City staff post-employment restrictions tightened

June 3, 2011

By Tim Pfarr

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The City Council voted May 3 to create a new section of city code that — in some circumstances — restricts former city employees from working for companies with which they negotiated, supervised or approved contracts during their city employment.

If the employee takes a job at such a company, he or she would face a $10,000 fine for violating any of four restrictions.

According to the new code:

First, for one year after leaving the city, an employee cannot accept a job with a company if he or she approved large contracts for that company and would work on the same project as he or she did at the city. The contracts are considered large if they total more than $100,000 during the employee’s last two years at the city.

Second, an employee cannot have a financial interest in any contract that he or she played a role in negotiating, supervising or awarding while working at the city.

Third, an employee cannot accept a job offer from a company if he or she knows or has reason to believe the offer has been made as compensation for his or her work while working at the city.

Finally, an employee cannot accept a job offer if the circumstances of the offer appear “to a reasonable person” to have been made as compensation for the employee’s work while working at the city.

The rules do not apply to employees who take jobs with government agencies.

The city’s previous code of ethics bars city officials and employees from general conflicts of interest. It also restricts former employees — for one year after leaving the city — from being involved in contracts in which they were involved with while at the city if the contracts were worth more than $5,000.

The code of ethics did not address fines, and the new and old code will be combined, City Manager Rob Wyman said.

City Councilman Bill Erxleben brought up the issue in late 2010. He said the issue came about after the 2003 Boeing tanker scandal gained renewed notoriety in 2008 when The Boeing Co. lost a major tanker contract with the government.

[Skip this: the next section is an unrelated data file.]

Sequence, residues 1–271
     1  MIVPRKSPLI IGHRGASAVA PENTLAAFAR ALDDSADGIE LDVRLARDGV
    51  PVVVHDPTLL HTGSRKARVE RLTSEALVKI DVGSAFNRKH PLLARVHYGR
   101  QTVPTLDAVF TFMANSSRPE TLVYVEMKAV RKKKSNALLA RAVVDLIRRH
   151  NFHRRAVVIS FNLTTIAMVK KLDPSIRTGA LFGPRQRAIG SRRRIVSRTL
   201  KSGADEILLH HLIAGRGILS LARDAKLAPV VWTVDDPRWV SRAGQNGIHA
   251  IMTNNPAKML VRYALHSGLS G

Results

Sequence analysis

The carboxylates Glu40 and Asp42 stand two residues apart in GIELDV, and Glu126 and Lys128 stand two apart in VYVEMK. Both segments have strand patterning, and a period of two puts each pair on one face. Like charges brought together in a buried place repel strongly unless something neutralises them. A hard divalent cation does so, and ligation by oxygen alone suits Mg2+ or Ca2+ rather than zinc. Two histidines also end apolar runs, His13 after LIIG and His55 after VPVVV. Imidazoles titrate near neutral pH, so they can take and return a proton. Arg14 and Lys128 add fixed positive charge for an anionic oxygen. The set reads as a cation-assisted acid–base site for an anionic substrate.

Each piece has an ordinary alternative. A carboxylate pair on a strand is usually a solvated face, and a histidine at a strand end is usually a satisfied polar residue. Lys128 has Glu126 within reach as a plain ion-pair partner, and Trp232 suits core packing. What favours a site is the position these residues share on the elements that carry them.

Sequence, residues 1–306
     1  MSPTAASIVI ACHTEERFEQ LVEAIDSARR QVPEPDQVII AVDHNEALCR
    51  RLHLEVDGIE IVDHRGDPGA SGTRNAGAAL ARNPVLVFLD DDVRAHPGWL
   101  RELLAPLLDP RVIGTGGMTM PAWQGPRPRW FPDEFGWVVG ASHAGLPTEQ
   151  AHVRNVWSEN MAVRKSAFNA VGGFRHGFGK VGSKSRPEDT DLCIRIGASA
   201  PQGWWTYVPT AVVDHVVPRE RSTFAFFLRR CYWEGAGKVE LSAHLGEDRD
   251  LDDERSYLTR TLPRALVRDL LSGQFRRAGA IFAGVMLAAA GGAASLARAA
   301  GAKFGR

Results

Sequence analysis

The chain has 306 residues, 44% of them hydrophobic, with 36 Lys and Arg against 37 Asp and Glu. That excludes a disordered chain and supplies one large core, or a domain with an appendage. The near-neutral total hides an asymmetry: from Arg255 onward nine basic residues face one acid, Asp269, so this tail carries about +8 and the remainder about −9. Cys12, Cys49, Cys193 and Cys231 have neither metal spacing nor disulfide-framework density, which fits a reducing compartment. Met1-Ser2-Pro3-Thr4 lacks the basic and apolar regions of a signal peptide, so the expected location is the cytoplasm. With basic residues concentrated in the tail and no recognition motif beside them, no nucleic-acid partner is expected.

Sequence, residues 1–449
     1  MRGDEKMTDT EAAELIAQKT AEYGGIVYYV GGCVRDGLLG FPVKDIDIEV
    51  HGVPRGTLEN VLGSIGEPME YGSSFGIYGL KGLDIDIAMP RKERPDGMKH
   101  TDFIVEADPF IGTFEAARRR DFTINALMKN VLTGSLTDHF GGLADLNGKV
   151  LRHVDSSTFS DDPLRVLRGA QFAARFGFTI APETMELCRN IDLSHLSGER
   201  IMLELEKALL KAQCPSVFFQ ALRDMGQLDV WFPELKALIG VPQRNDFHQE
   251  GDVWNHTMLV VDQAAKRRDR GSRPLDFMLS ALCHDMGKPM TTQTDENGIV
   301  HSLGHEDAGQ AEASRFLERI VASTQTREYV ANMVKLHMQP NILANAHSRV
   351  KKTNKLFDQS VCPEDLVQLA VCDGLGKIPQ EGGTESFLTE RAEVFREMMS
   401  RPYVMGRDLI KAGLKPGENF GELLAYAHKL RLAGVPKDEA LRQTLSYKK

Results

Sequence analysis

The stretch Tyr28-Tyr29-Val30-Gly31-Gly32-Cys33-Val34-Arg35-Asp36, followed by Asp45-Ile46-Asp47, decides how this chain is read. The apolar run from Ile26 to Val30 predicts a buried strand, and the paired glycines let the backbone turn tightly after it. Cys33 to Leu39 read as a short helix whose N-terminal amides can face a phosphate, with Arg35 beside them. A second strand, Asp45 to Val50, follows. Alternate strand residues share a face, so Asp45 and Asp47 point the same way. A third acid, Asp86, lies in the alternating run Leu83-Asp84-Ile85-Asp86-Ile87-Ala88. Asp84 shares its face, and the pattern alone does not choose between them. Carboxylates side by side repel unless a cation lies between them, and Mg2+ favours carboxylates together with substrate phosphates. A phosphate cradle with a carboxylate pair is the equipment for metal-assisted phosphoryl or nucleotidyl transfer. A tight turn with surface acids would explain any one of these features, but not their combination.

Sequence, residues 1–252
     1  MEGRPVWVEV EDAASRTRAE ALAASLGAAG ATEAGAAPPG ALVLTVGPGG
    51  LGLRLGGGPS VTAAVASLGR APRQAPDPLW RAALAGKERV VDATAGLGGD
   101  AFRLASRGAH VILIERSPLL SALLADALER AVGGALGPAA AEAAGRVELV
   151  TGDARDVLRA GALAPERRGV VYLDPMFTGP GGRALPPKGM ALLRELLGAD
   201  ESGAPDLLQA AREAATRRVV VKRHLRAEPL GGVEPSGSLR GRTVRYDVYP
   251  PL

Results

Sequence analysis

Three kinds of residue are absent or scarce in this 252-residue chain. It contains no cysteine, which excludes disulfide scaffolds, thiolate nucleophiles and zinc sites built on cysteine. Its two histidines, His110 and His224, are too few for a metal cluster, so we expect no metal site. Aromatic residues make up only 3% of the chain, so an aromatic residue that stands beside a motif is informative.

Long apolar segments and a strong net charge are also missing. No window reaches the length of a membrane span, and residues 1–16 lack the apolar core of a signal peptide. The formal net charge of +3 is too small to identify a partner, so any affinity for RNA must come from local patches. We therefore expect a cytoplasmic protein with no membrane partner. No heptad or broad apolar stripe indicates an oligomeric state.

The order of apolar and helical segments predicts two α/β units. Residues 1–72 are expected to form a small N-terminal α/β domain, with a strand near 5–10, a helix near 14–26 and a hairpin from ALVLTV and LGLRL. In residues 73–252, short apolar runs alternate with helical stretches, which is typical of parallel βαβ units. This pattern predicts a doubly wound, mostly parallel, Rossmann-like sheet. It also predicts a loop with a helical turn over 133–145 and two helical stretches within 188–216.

In 2003, Boeing hired Air Force official Darleen Druyun after she deliberately inflated the price of a sale in favor of her future employer. Druyun and then-Boeing CFO Michael Sears were both sentenced to prison time. Some pointed to the incident as the cause of Boeing losing the contract five years later.

Erxleben said he wanted to protect Newcastle from falling victim to that type of situation, which has historically been a problem in procurement settings.

“I wanted to plug a hole,” he said.

He said the city also ran into an issue of a perception of a conflict of interest when former Public Works Director Maiya Andrews left the city in February 2010, taking a job with engineering contractor CH2M Hill. As the public works director, Andrews worked with CH2M Hill while it did construction management work on the Coal Creek Parkway project and the Newcastle Transit Improvement project — formerly known as the Newcastle Transit Center.

“While there is no evidence whatsoever that I know of that there was any impropriety, it looks like hell,” Erxleben said about CH2M Hill hiring Andrews.

Andrews signed change orders for contractors C.A. Carey Corp. and Marshbank Construction, which handled the physical labor on the Coal Creek Parkway project. CH2M Hill continued billing the city as change orders increased the duration of the project.

Andrews did not respond to phone calls or emails from Newcastle News.

Wyman said he also knows of no evidence of wrongdoing, and he said it would be reasonable to assume Andrews would not be in violation of the new code had it been in place when she left the city.

The council approved the new code by a 6-1 vote, with Councilman Sonny Putter dissenting. While the council majority applauded the new code as a step forward, Putter said the code was flawed.

“My concern is that as proposed, this ethics language is far too broad,” he said before the code’s adoption May 3. He said the city should have directed the code specifically at the public works director, as the public works director handles large contracts the code addresses.

He said the code could also be damaging to the city’s contracting options.

“As a small city, we have limited options,” Putter said. “Our goal is to contract where we can.”

On the web:

Read the new code, section 2.67.020, on the city’s website, Click “City Hall,” “Documents & Press Releases” and “Municipal Code.”


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